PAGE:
Patricia Altschul’s House in Charleston
Working with Mario is always a great adventure," says longtime Manhattan society figure Patricia Altschul, fuchsia-caftaned and lounging on a pale-blue-checked bergère in the double drawing room of her new home in Charleston, South Carolina. Mario is, of course, Mario Buatta, the irrepressible New York decorator who glazed the walls of the space in a glowing shade he calls apple-green—a hue which Altschul describes as "very uplifting, whether the day is cloudy or sunny."
Over Buatta’s 50-plus years in the business of lacquering and swagging, his clients have been remarkably loyal. The Virginia-born Altschul enlisted his services (and good cheer) for three previous large-scale projects, including Southerly, a 30-room Long Island, New York, estate that she shared with her late husband, Arthur G. Altschul, a distinguished financier. Six years ago she sold Southerly and snapped up a smaller but no less stupendous Greek Revival mansion in Charleston’s historic district and conscripted Buatta once more.
Ineffably grand—even by this courtly city’s exalted standards—the 9,500-square-foot, ten-bedroom landmark was completed in the early 1850s for Isaac Jenkins Mikell, an exceptionally prosperous cotton planter. Gigantic columns carved from cypress support the monumental portico, each one crowned with a capital sporting ram’s heads. Beneath the pediment is a tiled piazza where Meyer lemon trees flourish in big clay pots, and between the house and the street is a tranquil walled garden of boxwood arabesques. The effect, Altschul enthuses, is like "living in a Palladian villa in Italy."
For many years the Mikell mansion had been used as a public library, and it was later divided into apartments. Admired local contractor Richard Marks (whose eponymous firm also created a new butler’s pantry and an airy kitchen) was called in to restore the home to its historic glory. Every surface was revived, as were glorious details like the elaborate plaster ceiling medallions. The efforts were a great success: The house was honored at the Preservation Society of Charleston’s 2012 Carolopolis Awards for outstanding historic preservation.
Once the residence was back to its noble self, one vexing problem remained. "The place was too dark," recalls Altschul. Buatta is a bit blunter: "It had a frumpy beige interior." To brighten things up, the designer had artisan Haleh Atabeigi paint the entrance hall’s floor white and then stencil it with a lively octagonal pattern based on Victorian tilework. Further lightening the space are walls faux-finished to resemble pale blocks of stone.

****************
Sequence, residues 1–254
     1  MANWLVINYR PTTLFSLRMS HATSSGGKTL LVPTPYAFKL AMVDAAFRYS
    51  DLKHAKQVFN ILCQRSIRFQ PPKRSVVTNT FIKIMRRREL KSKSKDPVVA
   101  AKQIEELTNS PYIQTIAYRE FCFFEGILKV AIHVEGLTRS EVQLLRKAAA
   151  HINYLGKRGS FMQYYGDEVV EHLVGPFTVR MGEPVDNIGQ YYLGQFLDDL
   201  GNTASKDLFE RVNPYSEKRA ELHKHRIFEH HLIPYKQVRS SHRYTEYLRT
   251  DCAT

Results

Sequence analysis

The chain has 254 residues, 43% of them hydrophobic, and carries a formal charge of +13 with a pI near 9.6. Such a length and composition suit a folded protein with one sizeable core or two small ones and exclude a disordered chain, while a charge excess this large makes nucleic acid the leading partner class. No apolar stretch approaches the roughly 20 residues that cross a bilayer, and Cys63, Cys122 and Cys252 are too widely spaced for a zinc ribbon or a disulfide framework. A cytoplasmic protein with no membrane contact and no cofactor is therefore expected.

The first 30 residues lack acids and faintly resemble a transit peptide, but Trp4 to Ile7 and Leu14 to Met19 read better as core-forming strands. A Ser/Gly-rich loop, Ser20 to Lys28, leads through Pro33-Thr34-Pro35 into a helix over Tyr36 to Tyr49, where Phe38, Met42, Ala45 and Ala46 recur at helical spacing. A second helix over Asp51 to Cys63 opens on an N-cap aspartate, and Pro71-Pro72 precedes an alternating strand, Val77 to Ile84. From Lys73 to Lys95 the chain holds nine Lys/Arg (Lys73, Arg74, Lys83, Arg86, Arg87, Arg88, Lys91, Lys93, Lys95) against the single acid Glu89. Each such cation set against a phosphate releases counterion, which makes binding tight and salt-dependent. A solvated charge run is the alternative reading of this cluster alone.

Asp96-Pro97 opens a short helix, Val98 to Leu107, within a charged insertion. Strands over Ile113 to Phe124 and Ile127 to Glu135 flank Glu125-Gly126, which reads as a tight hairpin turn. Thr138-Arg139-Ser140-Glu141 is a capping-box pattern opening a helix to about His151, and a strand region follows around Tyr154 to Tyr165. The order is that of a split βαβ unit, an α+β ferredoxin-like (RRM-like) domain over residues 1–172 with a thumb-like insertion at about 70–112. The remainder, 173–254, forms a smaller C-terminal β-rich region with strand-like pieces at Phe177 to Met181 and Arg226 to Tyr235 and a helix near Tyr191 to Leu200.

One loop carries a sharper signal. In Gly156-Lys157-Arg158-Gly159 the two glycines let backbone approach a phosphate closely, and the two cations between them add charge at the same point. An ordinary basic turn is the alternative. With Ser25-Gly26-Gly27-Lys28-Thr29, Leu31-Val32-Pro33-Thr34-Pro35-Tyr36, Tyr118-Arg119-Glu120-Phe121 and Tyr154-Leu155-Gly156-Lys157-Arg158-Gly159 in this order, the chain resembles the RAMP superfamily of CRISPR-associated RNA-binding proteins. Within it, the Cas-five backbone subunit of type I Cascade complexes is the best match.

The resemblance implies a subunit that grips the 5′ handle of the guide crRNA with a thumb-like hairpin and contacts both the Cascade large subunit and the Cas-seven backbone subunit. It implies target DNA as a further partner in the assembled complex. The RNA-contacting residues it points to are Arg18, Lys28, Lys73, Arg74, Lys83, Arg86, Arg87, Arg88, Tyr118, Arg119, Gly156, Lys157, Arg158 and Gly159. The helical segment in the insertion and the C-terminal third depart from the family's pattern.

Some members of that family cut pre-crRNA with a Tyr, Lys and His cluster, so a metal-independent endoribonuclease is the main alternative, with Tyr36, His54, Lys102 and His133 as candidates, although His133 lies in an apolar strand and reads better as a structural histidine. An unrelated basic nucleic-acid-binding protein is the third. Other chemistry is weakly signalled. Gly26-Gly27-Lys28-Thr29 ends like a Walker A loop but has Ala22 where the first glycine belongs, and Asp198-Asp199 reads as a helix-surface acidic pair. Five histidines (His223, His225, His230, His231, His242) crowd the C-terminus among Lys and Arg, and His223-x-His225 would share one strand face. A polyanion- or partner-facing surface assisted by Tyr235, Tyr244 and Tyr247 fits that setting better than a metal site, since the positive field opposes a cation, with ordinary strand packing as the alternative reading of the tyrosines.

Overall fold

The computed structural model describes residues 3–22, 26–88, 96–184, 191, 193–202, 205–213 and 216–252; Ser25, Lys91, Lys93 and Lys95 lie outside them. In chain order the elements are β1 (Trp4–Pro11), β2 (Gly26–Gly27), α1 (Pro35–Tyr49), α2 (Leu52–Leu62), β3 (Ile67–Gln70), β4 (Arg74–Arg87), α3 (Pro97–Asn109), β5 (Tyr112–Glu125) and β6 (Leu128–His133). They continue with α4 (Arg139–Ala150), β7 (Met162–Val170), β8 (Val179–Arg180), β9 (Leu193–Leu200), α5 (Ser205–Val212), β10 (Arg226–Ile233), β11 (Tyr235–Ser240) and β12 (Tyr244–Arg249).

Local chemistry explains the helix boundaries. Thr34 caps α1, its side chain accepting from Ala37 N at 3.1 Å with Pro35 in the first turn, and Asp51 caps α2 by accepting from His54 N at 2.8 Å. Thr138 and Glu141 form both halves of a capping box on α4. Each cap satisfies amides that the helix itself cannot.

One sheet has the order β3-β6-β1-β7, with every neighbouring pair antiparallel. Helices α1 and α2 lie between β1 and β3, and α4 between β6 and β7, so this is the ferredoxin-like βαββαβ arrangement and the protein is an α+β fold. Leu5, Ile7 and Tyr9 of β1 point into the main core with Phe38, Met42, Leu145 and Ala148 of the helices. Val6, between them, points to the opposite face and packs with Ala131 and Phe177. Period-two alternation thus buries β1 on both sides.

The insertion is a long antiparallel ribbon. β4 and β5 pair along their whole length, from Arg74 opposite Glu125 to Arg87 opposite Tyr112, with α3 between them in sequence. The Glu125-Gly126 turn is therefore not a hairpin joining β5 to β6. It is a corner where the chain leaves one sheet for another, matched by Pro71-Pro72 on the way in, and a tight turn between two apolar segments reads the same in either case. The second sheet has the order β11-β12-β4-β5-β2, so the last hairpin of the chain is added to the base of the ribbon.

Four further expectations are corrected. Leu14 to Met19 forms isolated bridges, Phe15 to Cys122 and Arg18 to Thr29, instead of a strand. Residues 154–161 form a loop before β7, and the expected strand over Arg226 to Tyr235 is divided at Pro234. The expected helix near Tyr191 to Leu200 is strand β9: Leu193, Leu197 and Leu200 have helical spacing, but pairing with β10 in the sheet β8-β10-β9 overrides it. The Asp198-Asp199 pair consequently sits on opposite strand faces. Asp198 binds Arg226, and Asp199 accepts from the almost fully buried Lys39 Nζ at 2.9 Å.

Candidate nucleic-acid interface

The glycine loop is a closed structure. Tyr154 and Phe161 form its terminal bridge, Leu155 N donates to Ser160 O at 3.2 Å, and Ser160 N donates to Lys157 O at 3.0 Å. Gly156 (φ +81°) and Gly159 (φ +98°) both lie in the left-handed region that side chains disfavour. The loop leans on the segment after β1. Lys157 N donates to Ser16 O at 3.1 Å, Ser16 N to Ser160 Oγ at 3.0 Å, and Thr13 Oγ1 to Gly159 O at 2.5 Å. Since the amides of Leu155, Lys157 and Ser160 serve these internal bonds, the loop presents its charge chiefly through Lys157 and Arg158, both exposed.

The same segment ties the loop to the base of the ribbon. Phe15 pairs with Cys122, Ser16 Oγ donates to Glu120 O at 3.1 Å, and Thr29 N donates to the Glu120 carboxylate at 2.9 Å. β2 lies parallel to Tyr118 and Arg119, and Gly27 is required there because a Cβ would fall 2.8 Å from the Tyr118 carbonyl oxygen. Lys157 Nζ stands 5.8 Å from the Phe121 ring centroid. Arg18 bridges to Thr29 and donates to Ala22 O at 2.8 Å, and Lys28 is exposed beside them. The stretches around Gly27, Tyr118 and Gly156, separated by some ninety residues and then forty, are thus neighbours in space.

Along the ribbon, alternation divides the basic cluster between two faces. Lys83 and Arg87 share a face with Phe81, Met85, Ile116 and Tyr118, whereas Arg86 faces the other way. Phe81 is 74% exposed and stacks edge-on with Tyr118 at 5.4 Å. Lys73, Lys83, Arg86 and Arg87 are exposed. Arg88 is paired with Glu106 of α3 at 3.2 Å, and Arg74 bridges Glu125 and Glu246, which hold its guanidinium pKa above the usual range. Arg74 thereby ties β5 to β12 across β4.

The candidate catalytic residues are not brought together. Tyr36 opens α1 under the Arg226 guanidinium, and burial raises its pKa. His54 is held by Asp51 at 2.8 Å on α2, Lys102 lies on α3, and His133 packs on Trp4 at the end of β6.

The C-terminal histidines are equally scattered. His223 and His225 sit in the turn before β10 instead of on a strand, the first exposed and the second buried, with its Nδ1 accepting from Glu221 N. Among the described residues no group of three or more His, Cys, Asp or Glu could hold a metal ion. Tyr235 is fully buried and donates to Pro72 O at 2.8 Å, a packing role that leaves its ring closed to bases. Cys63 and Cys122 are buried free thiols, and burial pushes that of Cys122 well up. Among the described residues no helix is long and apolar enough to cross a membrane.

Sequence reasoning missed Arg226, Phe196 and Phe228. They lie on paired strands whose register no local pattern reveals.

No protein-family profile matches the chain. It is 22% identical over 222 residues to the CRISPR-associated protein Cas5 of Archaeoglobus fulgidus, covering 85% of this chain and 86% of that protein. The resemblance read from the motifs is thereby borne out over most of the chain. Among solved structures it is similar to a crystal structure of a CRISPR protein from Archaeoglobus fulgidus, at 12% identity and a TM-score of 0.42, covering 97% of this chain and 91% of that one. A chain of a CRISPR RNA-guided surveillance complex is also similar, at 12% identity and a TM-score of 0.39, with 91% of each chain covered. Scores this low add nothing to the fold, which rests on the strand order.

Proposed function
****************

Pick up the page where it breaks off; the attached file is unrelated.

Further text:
The house is furnished with many of Altschul’s favorite decorative elements and objects from her previous Buattafied addresses. Especially choice is the library’s splendid 1760s gilded chinoiserie mirror, which once hung at Keir House in Scotland. Buatta also festooned the dramatic main stairwell with a collection of dozens of striking 18th- and 19th-century silhouette portraits that Altschul inherited and has greatly expanded over time.
The contents may be familiar, but they seem refreshed by their trip below the Mason-Dixon Line. As Altschul marvels, "Everything looks entirely different here, because of the architecture." The dining room incorporates a large round English table ringed by 19th-century Chippendale-style chairs, all once ensconced at Southerly. The space’s wall covering was brought down from the Long Island estate as well; the Zuber paper depicts Revolutionary War scenes that Altschul says represent a bit of ancestor worship: "A forebear of mine advised George Washington when he defeated Cornwallis at Yorktown." As for the huge carpet that occupied Southerly’s living room, Buatta blithely chopped it in two and placed one half in each section of the drawing room.
The master bedroom replicates Altschul’s suite on Long Island, including the cheery cornflower-blue–and-white fabric that is used en suite. Decidedly different, however, are this bedroom’s views. "At Southerly I could lie in bed and look at the sea," Altschul observes. "Here it’s ram’s-head capitals and magnolias."
Before Buatta’s decor was fully installed, the renovated house and its couture-clad chatelaine made their small-screen debut on Bravo’s Southern Charm, a reality-television series created by Altschul’s son and costar, Whitney Sudler-Smith, who has irreverently described Buatta as "the Dame Edna of decorating." Renewed for a second season, the frothy program follows the high jinks of a cadre of dapper trust-funders. Altschul is the resident madcap grande dame, a role she clearly enjoys, delivering wry remarks about the cast’s romantic divertissements and her son’s raffish confreres—and when she is ready for a cocktail on the show, she brightly announces, "It’s time for my medicine."
Buatta himself appeared on Southern Charm as a celebrity aesthete dispensing words of wisdom. (His savoir faire is also being captured in a documentary about his career by Douglas Keeve, who limned fashion star Isaac Mizrahi’s life in the 1995 movie Unzipped.) In that particular episode, the decorator suggests that Altschul enshrine the ashes of her beloved cat, Rocky, who had ascended to feline heaven, in a delft jar above her headboard. Given the hostess’s nonplussed reaction, it seems likely that this is one Buatta design tip she will choose to ignore.